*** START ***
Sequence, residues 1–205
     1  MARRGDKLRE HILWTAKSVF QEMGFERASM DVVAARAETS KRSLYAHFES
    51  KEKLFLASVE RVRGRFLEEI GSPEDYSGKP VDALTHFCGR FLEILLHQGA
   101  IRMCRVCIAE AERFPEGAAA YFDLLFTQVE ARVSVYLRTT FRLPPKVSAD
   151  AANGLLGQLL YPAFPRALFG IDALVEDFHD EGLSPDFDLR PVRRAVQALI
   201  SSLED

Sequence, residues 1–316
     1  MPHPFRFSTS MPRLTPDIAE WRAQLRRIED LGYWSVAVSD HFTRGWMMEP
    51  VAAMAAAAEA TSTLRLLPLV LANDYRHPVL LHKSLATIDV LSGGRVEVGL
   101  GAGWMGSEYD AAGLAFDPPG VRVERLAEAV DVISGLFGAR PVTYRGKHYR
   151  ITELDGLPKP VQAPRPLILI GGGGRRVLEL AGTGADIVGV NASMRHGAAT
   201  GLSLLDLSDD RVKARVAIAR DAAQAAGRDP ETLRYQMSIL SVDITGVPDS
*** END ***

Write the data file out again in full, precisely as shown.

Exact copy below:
Sequence, residues 1–205
     1  MARRGDKLRE HILWTAKSVF QEMGFERASM DVVAARAETS KRSLYAHFES
    51  KEKLFLASVE RVRGRFLEEI GSPEDYSGKP VDALTHFCGR FLEILLHQGA
   101  IRMCRVCIAE AERFPEGAAA YFDLLFTQVE ARVSVYLRTT FRLPPKVSAD
   151  AANGLLGQLL YPAFPRALFG IDALVEDFHD EGLSPDFDLR PVRRAVQALI
   201  SSLED

Sequence, residues 1–316
     1  MPHPFRFSTS MPRLTPDIAE WRAQLRRIED LGYWSVAVSD HFTRGWMMEP
    51  VAAMAAAAEA TSTLRLLPLV LANDYRHPVL LHKSLATIDV LSGGRVEVGL
   101  GAGWMGSEYD AAGLAFDPPG VRVERLAEAV DVISGLFGAR PVTYRGKHYR
   151  ITELDGLPKP VQAPRPLILI GGGGRRVLEL AGTGADIVGV NASMRHGAAT
   201  GLSLLDLSDD RVKARVAIAR DAAQAAGRDP ETLRYQMSIL SVDITGVPDS